Newsroom: Press Releases
Lautenberg Urges Attorney General, SEC to Investigate Possible News Corp Violations of U.S. Laws
Senator Concerned About Violations of Foreign Corrupt Practices ActLautenberg Press Office, 202-224-3224
Wednesday, July 13, 2011
WASHINGTON, D.C. – Today, U.S. Senator Frank R. Lautenberg (D-NJ) called on Attorney General Eric Holder and U.S. Securities and Exchange Commission (SEC) Chairman Mary Schapiro to investigate whether U.S.-based News Corp violated the Foreign Corrupt Practices Act (FCPA). Allegations have arisen that reporters employed by News Corp’s News of the World newspaper bribed law enforcement officials, which may be a violation of the FCPA.
“The limited information already reported in this case raises serious questions about the legality of the conduct of News Corporation and its subsidiaries under the FCPA,” Lautenberg wrote. “Further investigation may reveal that current reports only scratch the surface of the problem at News Corporation. Accordingly, I am requesting that DOJ and the SEC examine these circumstances and determine whether U.S. laws have been violated.”
Lautenberg’s letter can be found here and the text is copied below:
July 13, 2011
The Honorable Eric H. Holder, Jr.
The Honorable Mary L. Schapiro
Dear Attorney General Holder and Chairman Schapiro:
I am writing to express my deep concerns regarding allegations that News Corporation and its subsidiaries bribed foreign law enforcement officials for information to advance their business interests. If true, these allegations may be a violation of the Foreign Corrupt Practices Act of 1977 (FCPA), as amended (15 U.S.C. §§ 78dd-1, et seq.). I am asking that the Department of Justice (DOJ) and Securities and Exchange Commission (SEC) examine these issues and consider whether formal investigations are appropriate.
As you know, the anti-bribery provisions of FCPA make it illegal for a U.S. person or company to pay foreign officials to obtain or retain business. In this case, media reports indicate that reporters for News of the World, a newspaper that is controlled by a subsidiary of News Corporation, paid London police officers for information, including private telephone information, about the British royal family and other individuals for use in newspaper articles. These allegations originally came to light after it was revealed that the phone of Milly Dowler, a teenager who was kidnapped and murdered in England, had been hacked. Further troubling are the allegations that reporters within the News Corporation organization may have sought information from law enforcement officials in the U.S. about victims of the 9/11 terrorist attack.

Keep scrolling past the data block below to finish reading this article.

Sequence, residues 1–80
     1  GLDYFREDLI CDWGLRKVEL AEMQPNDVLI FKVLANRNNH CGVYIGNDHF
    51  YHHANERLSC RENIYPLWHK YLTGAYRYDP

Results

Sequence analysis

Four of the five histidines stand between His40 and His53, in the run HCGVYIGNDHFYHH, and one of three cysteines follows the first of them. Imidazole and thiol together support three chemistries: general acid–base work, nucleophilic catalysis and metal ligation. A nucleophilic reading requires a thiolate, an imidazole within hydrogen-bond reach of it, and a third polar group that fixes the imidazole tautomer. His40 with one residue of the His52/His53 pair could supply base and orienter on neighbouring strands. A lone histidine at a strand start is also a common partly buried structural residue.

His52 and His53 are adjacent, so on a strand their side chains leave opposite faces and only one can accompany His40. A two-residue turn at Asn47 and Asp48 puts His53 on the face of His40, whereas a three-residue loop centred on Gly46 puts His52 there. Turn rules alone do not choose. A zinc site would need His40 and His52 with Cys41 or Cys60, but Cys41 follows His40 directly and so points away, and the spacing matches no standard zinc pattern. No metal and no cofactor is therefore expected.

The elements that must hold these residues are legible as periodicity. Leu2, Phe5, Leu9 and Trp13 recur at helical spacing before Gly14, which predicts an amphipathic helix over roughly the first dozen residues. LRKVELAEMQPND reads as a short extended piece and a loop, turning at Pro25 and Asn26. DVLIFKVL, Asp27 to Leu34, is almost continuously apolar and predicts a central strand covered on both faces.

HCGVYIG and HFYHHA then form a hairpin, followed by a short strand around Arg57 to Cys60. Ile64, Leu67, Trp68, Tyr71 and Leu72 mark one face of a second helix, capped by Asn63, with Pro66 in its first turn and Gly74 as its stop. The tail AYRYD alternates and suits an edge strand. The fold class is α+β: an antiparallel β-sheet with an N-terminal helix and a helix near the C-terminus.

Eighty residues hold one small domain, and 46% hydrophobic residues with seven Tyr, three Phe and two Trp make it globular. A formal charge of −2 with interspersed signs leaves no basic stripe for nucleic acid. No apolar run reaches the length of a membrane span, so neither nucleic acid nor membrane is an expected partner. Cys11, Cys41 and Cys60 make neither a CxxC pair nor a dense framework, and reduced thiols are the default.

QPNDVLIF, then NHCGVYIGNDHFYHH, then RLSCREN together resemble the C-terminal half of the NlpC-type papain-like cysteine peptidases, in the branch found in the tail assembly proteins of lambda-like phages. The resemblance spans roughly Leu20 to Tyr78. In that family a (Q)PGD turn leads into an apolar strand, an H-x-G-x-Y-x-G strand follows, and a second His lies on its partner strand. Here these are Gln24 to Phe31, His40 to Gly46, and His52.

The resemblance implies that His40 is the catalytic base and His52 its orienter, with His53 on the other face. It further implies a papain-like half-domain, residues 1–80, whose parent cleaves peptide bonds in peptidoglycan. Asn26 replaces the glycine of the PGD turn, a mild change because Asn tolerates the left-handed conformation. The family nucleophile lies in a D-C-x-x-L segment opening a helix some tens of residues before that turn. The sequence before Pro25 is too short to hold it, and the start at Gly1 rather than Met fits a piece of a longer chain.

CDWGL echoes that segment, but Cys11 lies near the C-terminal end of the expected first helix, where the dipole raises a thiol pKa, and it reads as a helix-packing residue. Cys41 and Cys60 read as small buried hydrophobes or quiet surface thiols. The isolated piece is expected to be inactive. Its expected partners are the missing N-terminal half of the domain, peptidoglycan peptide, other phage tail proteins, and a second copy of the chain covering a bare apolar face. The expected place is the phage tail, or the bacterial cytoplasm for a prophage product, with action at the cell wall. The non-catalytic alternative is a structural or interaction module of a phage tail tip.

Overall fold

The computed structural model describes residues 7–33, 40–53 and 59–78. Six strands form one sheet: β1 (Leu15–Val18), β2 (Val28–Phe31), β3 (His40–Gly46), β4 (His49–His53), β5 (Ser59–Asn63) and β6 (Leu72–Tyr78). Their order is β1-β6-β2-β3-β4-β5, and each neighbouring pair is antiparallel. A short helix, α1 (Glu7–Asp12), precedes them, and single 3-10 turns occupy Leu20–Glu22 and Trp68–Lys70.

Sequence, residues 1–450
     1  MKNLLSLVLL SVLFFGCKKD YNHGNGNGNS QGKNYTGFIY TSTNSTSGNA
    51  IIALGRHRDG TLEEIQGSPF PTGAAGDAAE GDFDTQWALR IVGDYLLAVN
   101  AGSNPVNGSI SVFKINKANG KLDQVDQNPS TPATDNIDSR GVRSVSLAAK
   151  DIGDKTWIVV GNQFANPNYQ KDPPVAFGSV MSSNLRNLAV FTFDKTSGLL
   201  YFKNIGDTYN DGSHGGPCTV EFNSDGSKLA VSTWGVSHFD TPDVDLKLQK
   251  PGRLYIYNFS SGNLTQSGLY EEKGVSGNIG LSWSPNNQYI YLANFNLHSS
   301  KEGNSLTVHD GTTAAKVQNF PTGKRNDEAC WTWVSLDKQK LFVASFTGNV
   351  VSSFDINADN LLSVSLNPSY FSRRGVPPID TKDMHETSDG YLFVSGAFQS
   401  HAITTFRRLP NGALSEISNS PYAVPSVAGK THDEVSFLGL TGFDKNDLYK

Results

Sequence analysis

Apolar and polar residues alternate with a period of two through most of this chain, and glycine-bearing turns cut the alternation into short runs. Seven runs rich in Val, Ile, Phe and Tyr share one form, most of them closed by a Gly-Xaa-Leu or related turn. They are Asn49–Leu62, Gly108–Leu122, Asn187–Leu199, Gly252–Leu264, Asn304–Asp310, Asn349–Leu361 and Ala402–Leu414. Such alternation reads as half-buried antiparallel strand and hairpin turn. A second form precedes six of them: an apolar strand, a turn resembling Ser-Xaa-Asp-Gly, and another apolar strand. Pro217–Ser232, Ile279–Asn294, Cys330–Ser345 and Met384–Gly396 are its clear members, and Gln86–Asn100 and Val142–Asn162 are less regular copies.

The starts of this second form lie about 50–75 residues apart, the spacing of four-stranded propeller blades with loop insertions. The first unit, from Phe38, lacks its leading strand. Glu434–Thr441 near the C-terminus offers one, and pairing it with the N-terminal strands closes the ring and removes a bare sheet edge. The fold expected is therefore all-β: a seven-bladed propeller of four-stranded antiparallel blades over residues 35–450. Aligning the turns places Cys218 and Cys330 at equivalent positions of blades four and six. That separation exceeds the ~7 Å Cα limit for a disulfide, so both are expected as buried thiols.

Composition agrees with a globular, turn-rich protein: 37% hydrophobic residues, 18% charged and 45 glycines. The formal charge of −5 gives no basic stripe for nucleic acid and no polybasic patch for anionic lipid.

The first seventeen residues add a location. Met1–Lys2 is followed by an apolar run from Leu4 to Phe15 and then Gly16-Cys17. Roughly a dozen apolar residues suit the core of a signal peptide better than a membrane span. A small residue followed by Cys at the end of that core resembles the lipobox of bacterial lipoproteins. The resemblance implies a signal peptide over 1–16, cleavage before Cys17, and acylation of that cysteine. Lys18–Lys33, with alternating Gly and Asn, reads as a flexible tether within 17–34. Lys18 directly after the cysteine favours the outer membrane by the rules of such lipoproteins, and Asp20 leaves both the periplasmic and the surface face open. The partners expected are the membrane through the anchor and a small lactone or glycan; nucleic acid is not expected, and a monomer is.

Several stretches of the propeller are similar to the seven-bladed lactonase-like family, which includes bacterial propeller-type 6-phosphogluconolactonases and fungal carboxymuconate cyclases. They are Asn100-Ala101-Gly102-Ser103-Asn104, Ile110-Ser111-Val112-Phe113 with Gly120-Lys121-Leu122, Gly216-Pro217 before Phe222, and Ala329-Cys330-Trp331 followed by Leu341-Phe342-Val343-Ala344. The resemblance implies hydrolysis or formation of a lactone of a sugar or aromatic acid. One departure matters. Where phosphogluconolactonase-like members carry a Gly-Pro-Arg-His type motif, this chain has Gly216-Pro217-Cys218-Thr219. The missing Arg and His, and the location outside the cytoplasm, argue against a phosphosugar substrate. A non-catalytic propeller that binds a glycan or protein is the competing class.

As you know, News Corporation is a U.S.-based company subject to FCPA. Indeed, the company’s own website states the following: “The Foreign Corrupt Practices Act (FCPA) is a U.S. law that forbids bribery of foreign (meaning non-U.S.) government officials, whether elected or appointed, even if the bribe takes place outside the United States. Because News Corporation is a U.S. corporation, the FCPA may apply to all Company employees everywhere in the world, regardless of their nationality or where they reside or do business.”
The FCPA also includes accounting rules for public companies with securities listed in the United States (15 U.S.C. § 78m). These accounting rules require companies covered by the FCPA to maintain complete and accurate books detailing their transactions and sufficient internal accounting controls within the organization. If indeed bribes were made and not properly recorded, this too may be a violation of law.
The limited information already reported in this case raises serious questions about the legality of the conduct of News Corporation and its subsidiaries under the FCPA. Further investigation may reveal that current reports only scratch the surface of the problem at News Corporation. Accordingly, I am requesting that DOJ and the SEC examine these circumstances and determine whether U.S. laws have been violated.
Thank you for your attention to this matter and I look forward to your timely reply.